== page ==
I don't want to glorify the ways that all of our ancestors lived, especially here in the United States, a country that has been built on a legacy of trauma. There is a legacy of people's ancestors who were given false promises and were forcibly removed from their countries to build this nation from Chinese and indigenous workers that built the transcontinental railroad to people of the African diaspora, working in the cotton fields, as well as people's descendants who were slave owners.
But there is also a narrative that precedes the 500 years of racism. In the grand scheme of things, 500 years as a blip in time. So what is the legacy that we are going to leave behind when we become ancestors? How can we allow ourselves to dream, to imagine what we get to co-create beyond the destruction of these systems?
While we can come up with a perfect strategy of how to dismantle racism, or even how to decolonize our businesses from a heart-centered place, none of it matters if we are not practicing the values of love and equity within our homes, within our workplace, with every interaction.
This is going to go beyond strategy. Instead allow the strategy to become the by-product of living in alignment. Transformation can happen when we give ourselves that permission to embody being a good ancestor in the here and now, knowing that we're going to fuck up while also seeing these mistakes as opportunities for growth versus beating ourselves up for not doing “well enough”.
This also means making more room for celebration for how far you've come instead of dwelling on all the things that are not working.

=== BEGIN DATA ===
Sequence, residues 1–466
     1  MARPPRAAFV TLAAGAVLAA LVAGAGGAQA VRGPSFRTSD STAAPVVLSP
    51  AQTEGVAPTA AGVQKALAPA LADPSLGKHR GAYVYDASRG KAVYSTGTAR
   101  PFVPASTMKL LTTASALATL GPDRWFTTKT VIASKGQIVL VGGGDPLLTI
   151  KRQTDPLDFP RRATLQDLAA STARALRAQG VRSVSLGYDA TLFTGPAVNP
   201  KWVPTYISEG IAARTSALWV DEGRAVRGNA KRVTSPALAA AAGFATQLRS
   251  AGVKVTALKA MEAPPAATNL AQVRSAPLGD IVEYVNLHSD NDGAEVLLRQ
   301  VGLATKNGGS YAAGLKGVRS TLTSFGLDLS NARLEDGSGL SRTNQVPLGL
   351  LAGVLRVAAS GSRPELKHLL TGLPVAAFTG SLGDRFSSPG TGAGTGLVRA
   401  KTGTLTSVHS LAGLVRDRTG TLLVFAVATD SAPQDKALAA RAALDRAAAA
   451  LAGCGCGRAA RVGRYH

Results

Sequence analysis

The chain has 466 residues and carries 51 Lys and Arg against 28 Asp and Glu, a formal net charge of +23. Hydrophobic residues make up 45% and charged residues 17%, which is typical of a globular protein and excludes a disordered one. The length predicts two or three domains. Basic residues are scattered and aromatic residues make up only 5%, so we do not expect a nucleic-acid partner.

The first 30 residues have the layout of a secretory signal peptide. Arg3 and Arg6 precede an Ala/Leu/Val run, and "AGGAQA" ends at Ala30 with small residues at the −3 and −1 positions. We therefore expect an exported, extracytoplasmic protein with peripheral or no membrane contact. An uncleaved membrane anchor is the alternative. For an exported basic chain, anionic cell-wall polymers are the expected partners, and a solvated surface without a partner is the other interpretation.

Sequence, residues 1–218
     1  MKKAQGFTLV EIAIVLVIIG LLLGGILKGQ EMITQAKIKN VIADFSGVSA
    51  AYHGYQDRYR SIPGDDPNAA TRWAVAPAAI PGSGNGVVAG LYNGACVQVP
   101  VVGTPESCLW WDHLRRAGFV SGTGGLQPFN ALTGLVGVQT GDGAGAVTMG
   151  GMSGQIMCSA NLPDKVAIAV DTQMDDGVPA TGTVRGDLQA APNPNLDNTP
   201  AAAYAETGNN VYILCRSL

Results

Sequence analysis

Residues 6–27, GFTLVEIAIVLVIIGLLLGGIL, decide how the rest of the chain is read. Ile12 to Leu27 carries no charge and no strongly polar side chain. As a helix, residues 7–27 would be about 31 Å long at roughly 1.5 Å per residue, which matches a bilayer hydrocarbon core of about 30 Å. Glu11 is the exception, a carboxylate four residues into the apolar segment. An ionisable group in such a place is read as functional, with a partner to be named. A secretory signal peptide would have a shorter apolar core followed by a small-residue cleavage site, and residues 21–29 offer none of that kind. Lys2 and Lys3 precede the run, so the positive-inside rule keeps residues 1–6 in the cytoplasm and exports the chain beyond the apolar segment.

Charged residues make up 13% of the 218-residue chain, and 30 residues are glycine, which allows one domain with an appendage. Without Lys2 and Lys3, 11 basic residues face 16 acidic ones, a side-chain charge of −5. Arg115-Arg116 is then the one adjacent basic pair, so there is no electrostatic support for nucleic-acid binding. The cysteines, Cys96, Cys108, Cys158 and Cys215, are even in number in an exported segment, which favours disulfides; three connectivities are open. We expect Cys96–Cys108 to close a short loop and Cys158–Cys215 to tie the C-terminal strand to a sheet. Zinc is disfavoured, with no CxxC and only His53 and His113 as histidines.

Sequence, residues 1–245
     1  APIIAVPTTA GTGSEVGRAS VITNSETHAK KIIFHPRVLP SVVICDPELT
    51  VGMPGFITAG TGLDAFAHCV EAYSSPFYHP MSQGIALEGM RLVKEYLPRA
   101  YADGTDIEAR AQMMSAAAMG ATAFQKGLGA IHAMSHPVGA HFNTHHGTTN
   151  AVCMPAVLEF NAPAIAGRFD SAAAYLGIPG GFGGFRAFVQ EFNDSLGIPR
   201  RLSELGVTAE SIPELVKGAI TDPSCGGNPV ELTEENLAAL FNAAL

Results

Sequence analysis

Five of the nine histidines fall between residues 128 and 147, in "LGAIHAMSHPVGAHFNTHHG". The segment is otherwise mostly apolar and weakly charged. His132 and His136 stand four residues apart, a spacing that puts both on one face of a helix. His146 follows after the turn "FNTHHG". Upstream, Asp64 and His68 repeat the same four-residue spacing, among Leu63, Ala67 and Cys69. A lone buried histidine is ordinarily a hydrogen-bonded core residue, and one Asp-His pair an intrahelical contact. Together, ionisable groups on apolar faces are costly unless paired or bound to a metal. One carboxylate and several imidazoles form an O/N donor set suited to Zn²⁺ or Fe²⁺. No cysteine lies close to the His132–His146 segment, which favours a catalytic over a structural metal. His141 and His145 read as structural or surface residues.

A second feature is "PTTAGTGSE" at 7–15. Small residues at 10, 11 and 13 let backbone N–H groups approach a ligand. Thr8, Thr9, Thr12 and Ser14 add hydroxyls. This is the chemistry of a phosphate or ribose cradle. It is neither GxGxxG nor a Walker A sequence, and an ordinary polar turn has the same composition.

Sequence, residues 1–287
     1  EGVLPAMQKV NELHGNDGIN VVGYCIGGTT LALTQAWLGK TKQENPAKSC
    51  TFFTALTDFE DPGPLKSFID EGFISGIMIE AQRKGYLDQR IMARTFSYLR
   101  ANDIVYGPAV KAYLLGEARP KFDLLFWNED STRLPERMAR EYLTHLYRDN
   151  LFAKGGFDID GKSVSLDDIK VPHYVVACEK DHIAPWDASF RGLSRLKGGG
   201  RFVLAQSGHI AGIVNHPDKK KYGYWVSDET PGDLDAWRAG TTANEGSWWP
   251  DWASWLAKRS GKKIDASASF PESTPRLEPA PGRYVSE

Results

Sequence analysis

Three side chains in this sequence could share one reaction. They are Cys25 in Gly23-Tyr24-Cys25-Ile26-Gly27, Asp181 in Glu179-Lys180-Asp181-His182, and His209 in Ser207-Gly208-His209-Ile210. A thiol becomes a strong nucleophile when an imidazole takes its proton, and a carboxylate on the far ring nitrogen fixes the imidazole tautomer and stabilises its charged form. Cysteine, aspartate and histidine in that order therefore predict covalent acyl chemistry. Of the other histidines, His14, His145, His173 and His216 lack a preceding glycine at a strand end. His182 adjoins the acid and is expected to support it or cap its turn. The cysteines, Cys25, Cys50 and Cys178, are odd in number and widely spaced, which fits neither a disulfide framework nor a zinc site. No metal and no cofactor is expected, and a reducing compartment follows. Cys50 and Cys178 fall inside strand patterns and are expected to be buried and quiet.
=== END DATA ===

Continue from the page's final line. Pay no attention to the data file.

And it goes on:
“What are you celebrating about yourself today?” is the very first question I ask my clients, as well as my guests on this podcast. Instead of feeling like I need to work year round, entrepreneurship has allowed me the flexibility to create a life that honors my own seasons versus repeating the hustle and grind culture that my parents assimilated.
This has also allowed me to dream about where I want to take Your Story Medicine moving forward. So, to honor even more spaciousness in my life, I will not be releasing episodes every week. It will be every other week—maybe bonus episodes here and there.
If you're not on my email list yet, I would love to gift you with one of the very first meditations I created, where we call upon our chosen ancestors. I'll be sure to leave a link in the show notes.
Your feedback is an absolute gift, and I will see you in the next episode.
Download my free guided meditation on how to connect with your ancestors bit.ly/ancestorinthemaking
Intro/Outro by Marcus Fung of Higher Calling Music